Welcome all of us to the new age, new year! Wow, 2022 really has felt like a fucking fully loaded winch handle to the face if you know what I mean! And we’re off!
I’m not kidding. I’ve been crying for literally two weeks straight. I cried so much it felt and looked like I’d been punched in the face. I googled it and sure enough my tears had given me two black eyes.
My grandfather died. I witnessed lifelong bonds fracture. A profound personal and professional connection I’d built over a year with an important figure vanished in one night. All within the last month. Nothing makes sense. I am psychologically changed.
But that’s another story.
Do people still need those? Stories? Now more than ever, perhaps. Two years into a pandemic. I think sailors have always been relatable. The sea has always been compared to difficult times in life. Difficult emotions. The ship a metaphor for getting through them.
But what about getting through difficult times and difficult emotions, at and on the fringes of the sea?
I’ve always had this tendency toward the extreme. My parents kept control of me enough when I was a kid that I never ended up on the streets, only the road. The blue road. Never home-less. But home-free. And, eventually, finding home on the sea. But I didn’t chose sailing. I had an opportunity to be out at sea once and from then on nothing else would suffice.
For years I tried to build a home on the sea aboard a broken boat—and finally learned my lessons. I can’t say the same for love—I still try and build a home in broken hearts.
For many people, not only sailors, the sea is home. The problem is we can’t live there. So we settle for boats. Surfboards. Seaside cities. Summers at the beach.
I’ve been studying single-handers for a while now. The ocean sailing kind. Their boats, books, and films. Somewhere along the way I broke this third wall. My heros became something else entirely. Something real. Something tangible. And it wasn’t always pretty.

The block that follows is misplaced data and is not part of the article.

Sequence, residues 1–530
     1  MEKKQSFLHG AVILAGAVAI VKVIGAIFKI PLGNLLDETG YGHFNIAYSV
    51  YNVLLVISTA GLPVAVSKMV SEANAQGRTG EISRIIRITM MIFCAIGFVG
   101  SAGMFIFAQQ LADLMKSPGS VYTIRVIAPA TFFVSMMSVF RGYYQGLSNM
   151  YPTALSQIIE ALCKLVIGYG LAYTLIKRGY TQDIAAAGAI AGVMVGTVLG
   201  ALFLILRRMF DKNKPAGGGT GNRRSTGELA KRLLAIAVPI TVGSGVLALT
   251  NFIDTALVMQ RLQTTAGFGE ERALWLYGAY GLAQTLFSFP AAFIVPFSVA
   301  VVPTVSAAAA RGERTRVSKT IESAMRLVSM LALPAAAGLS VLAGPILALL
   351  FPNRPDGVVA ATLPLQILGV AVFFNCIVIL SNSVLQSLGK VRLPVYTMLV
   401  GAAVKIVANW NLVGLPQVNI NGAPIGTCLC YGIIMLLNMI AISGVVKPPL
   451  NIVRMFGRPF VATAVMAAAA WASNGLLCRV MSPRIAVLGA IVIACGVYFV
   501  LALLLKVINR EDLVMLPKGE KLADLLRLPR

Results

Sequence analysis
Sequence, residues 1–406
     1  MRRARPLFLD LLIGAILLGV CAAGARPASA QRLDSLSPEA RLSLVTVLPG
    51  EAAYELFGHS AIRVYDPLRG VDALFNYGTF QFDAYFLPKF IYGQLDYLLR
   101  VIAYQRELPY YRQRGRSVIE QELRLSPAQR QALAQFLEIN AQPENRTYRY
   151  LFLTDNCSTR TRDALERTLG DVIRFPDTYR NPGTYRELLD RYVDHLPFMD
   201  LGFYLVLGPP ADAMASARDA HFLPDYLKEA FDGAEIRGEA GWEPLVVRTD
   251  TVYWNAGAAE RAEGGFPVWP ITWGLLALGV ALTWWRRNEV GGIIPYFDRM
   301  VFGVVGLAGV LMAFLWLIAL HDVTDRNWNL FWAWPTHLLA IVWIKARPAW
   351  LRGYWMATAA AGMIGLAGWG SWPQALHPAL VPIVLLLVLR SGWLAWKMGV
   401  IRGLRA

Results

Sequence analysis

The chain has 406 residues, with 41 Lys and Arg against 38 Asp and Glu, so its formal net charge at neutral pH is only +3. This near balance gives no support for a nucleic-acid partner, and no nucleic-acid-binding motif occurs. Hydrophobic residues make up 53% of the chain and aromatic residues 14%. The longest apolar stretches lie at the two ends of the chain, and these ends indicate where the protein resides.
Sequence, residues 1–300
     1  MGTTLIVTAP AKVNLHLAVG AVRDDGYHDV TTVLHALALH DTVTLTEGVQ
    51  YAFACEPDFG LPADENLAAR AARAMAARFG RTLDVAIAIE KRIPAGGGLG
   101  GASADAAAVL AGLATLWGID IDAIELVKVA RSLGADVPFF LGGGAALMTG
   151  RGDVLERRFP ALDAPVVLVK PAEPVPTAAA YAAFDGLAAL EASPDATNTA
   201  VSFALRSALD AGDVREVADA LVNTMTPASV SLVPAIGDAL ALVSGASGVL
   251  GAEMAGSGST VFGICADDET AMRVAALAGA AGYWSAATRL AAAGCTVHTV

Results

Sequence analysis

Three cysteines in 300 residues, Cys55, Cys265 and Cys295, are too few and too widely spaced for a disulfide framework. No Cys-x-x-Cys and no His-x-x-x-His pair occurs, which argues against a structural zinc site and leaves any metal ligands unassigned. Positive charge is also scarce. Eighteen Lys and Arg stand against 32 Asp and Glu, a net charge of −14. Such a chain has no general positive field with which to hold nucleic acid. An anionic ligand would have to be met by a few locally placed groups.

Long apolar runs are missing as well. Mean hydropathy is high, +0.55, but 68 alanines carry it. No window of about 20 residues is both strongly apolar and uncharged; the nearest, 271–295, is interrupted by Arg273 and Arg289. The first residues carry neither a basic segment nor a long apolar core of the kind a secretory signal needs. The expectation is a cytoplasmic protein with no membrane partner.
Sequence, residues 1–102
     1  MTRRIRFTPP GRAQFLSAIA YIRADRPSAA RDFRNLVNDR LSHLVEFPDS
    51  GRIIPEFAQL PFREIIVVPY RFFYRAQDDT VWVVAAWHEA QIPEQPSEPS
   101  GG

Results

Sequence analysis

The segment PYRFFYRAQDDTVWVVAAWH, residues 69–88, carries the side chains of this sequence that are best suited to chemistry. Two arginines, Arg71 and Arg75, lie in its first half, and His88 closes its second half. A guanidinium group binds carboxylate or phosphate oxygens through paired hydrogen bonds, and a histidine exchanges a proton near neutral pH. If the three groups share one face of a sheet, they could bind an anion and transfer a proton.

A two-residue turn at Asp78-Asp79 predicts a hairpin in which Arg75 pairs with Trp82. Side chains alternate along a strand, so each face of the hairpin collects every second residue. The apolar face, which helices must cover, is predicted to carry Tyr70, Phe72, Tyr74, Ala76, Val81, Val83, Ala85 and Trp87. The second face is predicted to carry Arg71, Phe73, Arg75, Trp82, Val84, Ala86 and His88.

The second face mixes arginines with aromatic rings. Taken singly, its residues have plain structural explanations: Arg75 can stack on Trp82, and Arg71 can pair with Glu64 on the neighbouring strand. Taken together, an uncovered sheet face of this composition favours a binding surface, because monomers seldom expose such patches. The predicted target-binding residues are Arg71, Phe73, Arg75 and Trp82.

Something else happened. I became someone else’s hero. More than once, and, I disappointed them. So what should I have expected from mine?
I need to make sure I’m not trying to go further out to sea for the wrong reasons. I have to make sure that I’m not trying to go further out to sea in order to love myself, but that I love myself enough to go further out to sea. That I love myself to keep going. To not give up. To remember that it’s up to me and my boat. No one is coming. You have to go after your dreams yourself. I don’t know why. It seems against human nature.
The sea is the only place that calls of romance without the need for another person. It is something I have gotten to know intimately. I try to remember, even on anchor, that I sleep with the ancient wisdom of the sea beneath me, and that means I’m never really alone. I can’t forget that.
I’m getting to know the sea better. The wind. Myself. I recently felt my sense of self become somewhat fragmented. My emotional self, and my conscious self, separated. It was the result of what I can only imagine has been the constant, hyper vigilance needed for life on the fringes of and at sea.
It didn’t take long before I was back on land and that changed, as I became entrenched in and witness to relational conflict. I didn’t lose my hyper vigilance, I just lost my sense of peace that came with it.
In many ways I want to be alone at sea. Well, I want to be able to be alone at sea. I have to be. It’s the only way I feel I can be a competent sailor. Because doing it alone is better than not doing it at all.
I chose a life at sea to avoid heartache and attachment someone said to me—but I like to think I choose life at sea in spite of it. Because it seems that boats, and boys, break my heart.
But never the sea.
The sea just tries to stop it.
If you’re new here or checking in wondering where I’ve been. You can catch up here!
Keep an eye out for some of my work forthcoming in Spinsheet Magazine, SAIL magazine, and towndock.net . The story is always free here and on @instagram!
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